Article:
Torture spares no one

The report by the Philippine Daily Inquirer (PDI) on January 28 “Faeldon’s lawyer barred from seeing him” deserves deep reflection among our law enforcers. It is frightening that while our 1987 Constitution guarantees every person detained of an “access to lawyer and not to be tortured”, the real practice completely speaks the otherwise as in this case.
This tells us that nobody can be spared from torture. Here now a marine captain who has served our armed forces as a victim. To our police and military men, whose investigation skills is exceptional on torture, should deeply reflect to this. This might happen to you if tides turn against you.
The use of torture is unacceptable in any circumstances. While our 1987 Constitution recognises these rights, there is no effective mechanism to ensure that our right not to be tortured is protected and there are remedies available. Our country has no law against torture. A number of victims have been deprived when they resort to seek justice and remedy.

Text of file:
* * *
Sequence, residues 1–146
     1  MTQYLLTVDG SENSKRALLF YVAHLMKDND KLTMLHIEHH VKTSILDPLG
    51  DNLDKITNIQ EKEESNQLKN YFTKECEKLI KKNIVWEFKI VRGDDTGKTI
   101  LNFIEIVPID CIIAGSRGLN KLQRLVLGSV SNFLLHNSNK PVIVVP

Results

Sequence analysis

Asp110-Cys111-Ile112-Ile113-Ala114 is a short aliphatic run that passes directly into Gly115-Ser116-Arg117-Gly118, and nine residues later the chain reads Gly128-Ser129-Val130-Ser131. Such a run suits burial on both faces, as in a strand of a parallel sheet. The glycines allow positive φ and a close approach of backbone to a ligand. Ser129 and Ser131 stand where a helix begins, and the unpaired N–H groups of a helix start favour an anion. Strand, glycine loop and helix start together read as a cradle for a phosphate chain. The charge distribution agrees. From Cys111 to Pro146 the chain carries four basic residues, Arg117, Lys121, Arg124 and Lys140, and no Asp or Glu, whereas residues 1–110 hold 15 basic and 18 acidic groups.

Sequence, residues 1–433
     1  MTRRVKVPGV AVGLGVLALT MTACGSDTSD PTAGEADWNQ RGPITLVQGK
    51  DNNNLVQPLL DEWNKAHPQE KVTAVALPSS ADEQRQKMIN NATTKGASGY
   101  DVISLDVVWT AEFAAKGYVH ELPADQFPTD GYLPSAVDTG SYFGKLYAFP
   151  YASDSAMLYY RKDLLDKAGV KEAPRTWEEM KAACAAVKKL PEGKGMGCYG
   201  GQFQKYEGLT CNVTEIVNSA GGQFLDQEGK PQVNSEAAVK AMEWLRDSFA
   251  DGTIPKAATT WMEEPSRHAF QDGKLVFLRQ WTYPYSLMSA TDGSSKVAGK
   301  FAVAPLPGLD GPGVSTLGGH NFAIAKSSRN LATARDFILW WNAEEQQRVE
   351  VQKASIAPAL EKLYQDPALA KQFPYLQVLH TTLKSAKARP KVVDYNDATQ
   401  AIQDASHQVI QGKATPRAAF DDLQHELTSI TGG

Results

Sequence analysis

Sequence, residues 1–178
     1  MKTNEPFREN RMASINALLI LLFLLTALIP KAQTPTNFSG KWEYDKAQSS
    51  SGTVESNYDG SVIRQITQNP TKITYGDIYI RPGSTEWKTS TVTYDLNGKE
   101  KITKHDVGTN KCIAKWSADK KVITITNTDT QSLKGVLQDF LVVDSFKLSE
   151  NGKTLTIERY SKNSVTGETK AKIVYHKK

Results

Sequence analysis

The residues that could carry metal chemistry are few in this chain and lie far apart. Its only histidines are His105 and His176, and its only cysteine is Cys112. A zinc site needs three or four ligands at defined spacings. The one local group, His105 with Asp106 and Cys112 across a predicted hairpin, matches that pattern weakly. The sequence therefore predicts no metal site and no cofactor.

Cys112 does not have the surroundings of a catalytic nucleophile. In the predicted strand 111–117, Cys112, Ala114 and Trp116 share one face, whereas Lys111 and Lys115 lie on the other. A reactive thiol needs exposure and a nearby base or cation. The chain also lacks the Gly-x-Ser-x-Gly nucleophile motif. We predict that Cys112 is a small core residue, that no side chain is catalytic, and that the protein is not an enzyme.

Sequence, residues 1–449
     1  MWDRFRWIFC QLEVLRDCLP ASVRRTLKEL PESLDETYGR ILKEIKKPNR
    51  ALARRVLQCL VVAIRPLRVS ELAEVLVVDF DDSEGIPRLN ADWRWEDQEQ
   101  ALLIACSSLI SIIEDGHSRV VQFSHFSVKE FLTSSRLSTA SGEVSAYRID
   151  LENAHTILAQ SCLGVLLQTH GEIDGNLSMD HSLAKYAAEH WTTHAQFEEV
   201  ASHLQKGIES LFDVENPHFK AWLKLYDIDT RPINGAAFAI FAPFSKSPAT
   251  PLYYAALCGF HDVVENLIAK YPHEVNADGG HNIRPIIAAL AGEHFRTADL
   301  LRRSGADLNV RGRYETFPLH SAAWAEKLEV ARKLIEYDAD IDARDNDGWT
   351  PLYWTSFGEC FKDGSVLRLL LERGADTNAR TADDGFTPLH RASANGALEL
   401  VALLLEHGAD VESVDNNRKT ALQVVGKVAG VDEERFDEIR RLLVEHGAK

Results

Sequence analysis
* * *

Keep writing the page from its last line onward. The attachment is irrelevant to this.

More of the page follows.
The plight of Marine Captain Nicanor Faeldon is not unusual. A number of detainees or prisoners, in particular those victims of torture; have also experienced the same fate. Most of these victims were unable to recover from the trauma they suffered and have not been treated. Few are still even in languishing in jail or facing death sentences on charges laid by way of torture.
While most of the cases we have heard are for political reasons, a number of ordinary Filipinos have also experienced torture on a day to day basis – and nobody speaks for them, not even the mainstream NGOs. I haven’t heard much of torture cases not political in nature.
To cite an example, the brutal torture of Haron Abubakar Buisan allegedly by policemen in General Santos City by mistaken identity. Buisan was severely beaten with stone all over his body and is presently detained to face charges even though the name in the charge sheet is not his. This only represents a fraction of a number of non-political torture cases.
For over two years now, the government as party to ICCPR has continued on ignoring the UN recommendations to “ensure that its legislation gives full effect to the rights recognised in the Covenant”, in particular the enabling law on torture. The proposed law against torture has since been left pending since the 8th Congress.
Our Bill of Rights and the government’s ratification to a number of international human rights Treaties will have no meaning unless there is an effective mechanism to hold those responsible accountable, and remedies is made available to victims.
The failure of our Senate and Congress to do so is a betrayal to people who put them in power.

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